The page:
George Street, E1

Road in/near Spitalfields, existed between 1657 and 1984

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Road · Spitalfields · E1 ·
MARCH
30
2017

George Street was a street running north-south from Flower and Dean Street to Wentworth Street, crossing Thrawl Street approx. half way along its length..

Common lodging house in George Street, from the Illustrated Police News, 15 September 1888.
Credit: Illustrated Police News
It was laid out by Thomas and Lewis Fossan c.1657.

As with the other streets in the neighbourhood, it had become known for its common lodging houses by the 1880s.

George Street was at the centre of the Flower and Dean Street rookery and consequently its slum buildings were completely demolished to make way for the Charlotte De Rothschild Dwellings and Lolesworth Buildings on its west side (1886), Ruth and Helena Houses (1895-7) on the east side and finally Keate and Spencer Houses (1908) also on the east side.

It was renamed Lolesworth Street on 11 July 1893.

After the demolition of the model dwellings (1973-80) and the building of the Flower and Dean Estate (1982-4) Lolesworth Street ceased to exist, though the present Flower and Dean Walk marks the approximate route. The Rothschild Buildings arch to the south of the estate stands at the former junction of George and Wentworth Streets.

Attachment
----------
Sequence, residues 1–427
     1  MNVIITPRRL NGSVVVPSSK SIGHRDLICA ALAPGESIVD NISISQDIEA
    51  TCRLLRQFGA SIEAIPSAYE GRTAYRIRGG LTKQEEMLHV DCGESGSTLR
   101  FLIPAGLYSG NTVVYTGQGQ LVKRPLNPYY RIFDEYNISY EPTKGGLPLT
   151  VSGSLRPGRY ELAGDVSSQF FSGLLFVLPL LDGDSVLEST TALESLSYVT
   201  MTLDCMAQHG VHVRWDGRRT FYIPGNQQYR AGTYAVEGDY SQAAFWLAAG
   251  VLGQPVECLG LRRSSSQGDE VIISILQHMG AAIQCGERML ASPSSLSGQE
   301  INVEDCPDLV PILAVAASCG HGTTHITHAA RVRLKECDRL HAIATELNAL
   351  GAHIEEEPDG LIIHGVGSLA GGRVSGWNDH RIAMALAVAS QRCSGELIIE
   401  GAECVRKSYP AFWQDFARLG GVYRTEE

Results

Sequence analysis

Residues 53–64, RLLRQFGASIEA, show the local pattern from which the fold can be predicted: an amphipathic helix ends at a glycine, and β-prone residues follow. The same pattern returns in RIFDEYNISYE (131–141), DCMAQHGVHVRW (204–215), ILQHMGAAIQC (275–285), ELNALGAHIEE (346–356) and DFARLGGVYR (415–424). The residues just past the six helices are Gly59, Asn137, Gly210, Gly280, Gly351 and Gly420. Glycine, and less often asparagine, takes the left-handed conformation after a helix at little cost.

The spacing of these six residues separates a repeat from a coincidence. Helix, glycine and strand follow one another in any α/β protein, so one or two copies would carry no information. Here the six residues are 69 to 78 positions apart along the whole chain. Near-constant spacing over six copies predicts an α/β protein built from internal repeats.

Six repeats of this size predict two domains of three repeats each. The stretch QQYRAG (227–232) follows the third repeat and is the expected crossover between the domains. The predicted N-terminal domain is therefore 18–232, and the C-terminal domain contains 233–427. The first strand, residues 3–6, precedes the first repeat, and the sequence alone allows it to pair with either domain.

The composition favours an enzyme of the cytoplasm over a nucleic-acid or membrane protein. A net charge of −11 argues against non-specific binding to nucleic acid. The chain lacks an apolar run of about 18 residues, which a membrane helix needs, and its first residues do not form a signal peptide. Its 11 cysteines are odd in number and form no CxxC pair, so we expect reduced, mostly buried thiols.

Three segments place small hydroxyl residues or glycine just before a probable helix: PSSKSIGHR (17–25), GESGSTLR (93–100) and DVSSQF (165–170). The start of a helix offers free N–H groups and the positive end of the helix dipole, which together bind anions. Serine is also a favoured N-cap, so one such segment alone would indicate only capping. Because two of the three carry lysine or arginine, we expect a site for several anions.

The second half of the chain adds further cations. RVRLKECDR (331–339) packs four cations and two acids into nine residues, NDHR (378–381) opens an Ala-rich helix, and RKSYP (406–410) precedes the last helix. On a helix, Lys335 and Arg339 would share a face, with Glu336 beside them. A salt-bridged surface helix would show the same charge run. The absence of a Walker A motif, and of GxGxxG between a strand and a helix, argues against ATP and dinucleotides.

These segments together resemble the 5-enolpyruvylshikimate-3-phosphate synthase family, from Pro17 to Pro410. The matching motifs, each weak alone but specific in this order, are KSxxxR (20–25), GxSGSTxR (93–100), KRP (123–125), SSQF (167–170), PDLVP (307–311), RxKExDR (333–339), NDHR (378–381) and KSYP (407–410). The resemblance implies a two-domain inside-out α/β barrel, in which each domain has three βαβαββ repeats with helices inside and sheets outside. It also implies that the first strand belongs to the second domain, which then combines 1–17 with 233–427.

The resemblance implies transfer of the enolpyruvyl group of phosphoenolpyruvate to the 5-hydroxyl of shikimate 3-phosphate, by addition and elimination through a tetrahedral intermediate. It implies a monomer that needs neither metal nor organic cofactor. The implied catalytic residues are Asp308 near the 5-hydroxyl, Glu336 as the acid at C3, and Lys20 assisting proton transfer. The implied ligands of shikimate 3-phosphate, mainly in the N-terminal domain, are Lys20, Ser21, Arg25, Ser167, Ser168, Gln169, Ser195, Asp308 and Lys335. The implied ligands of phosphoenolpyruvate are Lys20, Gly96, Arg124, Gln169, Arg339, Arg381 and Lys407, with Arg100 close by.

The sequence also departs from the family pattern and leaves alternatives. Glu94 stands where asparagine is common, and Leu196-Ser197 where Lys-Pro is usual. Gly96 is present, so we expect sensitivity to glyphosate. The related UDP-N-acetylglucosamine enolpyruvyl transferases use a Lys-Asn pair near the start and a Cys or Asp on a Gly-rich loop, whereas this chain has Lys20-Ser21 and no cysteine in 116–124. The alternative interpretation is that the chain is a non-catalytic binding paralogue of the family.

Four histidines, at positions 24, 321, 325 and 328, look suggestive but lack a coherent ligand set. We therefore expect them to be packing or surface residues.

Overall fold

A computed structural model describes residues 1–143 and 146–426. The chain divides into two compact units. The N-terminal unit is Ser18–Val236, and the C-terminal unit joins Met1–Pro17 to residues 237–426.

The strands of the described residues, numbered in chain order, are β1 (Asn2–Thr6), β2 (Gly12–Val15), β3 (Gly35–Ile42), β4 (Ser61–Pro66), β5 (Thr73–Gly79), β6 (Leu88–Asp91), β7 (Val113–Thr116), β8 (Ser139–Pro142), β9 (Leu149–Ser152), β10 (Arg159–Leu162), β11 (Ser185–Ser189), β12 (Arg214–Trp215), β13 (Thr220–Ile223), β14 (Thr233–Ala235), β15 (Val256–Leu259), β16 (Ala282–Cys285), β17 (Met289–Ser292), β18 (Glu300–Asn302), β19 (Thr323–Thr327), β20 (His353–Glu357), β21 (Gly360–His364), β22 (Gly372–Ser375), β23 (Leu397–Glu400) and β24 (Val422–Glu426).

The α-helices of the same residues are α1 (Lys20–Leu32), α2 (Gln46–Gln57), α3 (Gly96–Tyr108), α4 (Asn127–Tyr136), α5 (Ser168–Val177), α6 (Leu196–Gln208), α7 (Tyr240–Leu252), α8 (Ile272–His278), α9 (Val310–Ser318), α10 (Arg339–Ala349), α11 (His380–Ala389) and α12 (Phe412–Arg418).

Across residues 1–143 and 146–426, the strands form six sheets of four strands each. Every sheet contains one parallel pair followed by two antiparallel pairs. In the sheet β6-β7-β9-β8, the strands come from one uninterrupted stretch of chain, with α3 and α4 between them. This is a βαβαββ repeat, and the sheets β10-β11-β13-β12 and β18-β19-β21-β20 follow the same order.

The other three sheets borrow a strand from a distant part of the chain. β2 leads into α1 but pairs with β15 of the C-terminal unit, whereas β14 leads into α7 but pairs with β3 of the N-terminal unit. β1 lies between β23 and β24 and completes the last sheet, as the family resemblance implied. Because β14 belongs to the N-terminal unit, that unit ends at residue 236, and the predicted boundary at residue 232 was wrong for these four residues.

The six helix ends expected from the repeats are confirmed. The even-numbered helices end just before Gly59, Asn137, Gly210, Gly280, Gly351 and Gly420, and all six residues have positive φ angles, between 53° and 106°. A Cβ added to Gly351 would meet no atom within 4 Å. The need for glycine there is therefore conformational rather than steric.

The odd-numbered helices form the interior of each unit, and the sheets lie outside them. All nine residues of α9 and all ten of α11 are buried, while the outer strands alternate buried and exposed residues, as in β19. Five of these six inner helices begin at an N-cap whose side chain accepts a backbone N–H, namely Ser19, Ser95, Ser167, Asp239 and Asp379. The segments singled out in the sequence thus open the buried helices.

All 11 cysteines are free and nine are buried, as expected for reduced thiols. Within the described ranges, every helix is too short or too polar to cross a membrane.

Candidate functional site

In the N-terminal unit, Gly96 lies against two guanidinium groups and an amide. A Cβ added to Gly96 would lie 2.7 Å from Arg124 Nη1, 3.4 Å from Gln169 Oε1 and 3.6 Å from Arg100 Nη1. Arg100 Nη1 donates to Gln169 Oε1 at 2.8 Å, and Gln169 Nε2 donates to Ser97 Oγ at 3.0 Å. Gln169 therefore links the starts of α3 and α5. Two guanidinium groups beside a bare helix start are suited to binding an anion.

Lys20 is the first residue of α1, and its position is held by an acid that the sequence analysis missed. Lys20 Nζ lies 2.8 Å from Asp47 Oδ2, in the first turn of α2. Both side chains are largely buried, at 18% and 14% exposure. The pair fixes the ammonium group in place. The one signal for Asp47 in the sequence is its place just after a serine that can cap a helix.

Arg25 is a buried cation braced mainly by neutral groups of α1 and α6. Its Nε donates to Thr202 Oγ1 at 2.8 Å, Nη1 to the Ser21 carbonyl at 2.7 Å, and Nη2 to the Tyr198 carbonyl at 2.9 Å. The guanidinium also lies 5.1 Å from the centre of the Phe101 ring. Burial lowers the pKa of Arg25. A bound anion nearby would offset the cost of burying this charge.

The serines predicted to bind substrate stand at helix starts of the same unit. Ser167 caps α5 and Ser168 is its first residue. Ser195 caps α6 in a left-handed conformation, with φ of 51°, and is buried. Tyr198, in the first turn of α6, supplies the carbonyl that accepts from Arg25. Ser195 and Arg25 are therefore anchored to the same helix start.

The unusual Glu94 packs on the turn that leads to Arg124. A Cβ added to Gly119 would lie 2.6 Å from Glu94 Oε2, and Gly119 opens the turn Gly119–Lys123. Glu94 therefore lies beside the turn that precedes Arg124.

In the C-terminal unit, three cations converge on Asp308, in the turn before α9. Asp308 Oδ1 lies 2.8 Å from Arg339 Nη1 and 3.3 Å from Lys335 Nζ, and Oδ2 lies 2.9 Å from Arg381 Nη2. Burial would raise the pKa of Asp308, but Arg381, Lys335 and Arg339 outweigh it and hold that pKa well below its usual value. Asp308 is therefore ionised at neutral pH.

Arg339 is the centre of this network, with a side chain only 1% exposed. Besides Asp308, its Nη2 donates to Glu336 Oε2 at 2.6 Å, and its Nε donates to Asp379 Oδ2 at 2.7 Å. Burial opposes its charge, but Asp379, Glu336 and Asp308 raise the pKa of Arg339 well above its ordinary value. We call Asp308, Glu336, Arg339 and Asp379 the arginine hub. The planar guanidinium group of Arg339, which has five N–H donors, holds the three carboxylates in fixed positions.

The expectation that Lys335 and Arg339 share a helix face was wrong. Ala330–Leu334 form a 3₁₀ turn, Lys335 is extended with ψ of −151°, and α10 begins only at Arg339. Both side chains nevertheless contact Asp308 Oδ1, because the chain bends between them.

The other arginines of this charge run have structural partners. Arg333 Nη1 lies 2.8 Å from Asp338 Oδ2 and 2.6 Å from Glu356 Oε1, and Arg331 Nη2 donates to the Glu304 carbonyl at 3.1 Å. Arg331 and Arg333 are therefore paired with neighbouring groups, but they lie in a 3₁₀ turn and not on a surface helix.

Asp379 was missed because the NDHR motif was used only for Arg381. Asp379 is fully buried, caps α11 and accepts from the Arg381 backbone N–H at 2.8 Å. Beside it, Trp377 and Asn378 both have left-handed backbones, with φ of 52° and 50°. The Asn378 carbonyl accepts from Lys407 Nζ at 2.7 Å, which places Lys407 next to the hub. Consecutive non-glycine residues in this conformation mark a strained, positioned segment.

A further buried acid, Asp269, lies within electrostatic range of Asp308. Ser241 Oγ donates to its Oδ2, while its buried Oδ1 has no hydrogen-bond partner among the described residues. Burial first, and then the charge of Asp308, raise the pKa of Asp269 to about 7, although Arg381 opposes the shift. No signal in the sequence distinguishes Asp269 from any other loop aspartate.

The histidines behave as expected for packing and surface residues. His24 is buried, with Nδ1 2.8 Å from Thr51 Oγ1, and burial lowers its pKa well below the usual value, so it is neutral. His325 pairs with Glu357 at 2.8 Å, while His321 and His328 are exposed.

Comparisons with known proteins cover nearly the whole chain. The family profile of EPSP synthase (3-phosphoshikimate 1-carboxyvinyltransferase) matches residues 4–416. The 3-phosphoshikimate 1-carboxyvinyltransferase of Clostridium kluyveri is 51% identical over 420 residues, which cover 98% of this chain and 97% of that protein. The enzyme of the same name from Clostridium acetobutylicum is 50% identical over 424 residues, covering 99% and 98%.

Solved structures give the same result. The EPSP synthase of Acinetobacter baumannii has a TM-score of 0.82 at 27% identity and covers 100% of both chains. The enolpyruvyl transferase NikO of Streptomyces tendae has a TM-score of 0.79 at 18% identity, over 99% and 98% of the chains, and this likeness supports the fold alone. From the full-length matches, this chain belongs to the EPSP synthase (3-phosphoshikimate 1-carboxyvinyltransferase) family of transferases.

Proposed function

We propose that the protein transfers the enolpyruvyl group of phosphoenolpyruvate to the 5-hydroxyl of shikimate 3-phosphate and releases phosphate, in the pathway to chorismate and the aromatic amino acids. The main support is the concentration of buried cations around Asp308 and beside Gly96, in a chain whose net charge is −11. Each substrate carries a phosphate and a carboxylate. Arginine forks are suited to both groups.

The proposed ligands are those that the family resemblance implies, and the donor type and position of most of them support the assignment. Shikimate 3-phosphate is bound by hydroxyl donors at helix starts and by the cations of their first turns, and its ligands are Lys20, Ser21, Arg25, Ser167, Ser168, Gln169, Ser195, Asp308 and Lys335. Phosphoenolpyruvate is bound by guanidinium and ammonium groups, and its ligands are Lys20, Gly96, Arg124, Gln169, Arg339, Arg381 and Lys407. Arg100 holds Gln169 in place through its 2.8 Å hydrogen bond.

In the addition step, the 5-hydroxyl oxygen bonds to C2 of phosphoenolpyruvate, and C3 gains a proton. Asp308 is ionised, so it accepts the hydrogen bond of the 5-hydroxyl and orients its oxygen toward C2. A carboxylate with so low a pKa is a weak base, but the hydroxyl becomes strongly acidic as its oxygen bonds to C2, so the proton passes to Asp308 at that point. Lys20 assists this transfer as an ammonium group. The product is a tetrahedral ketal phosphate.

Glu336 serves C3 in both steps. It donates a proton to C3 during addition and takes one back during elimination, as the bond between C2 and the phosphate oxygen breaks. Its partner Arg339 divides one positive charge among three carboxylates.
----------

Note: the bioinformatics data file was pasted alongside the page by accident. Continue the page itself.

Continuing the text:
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Common lodging house in George Street, from the Illustrated Police News, 15 September 1888.
Illustrated Police News


 

Spitalfields

Spitalfields is near to Liverpool Street station and Brick Lane.

The area straddles Commercial Street and is home to several markets, including the historic Old Spitalfields Market, and various Brick Lane Markets on Brick Lane and Cheshire Street. Petticoat Lane Market lies on the area's south-western boundaries.

The name Spitalfields appears in the form Spittellond in 1399; as The spitel Fyeld on the 16th-century Civitas Londinium map associated with Ralph Agas. The land belonged to St Mary Spital, a priory or hospital erected on the east side of the Bishopsgate thoroughfare in 1197, and the name is thought to derive from this. An alternative, and possibly earlier, name for the area was Lolsworth.

After the revocation of the Edict of Nantes, Spitalfields was inhabited by prosperous French Huguenot silk weavers. In the early 19th century their descendants were reduced to a deplorable condition due to the competition of the Manchester textile factories and the area began to deteriorate into crime-infested slums. The spacious and handsome Huguenot houses were divided up into tiny dwellings which were rented by poor families of labourers, who sought employment in the nearby docks.

The area has recently attracted a IT-literate younger population.
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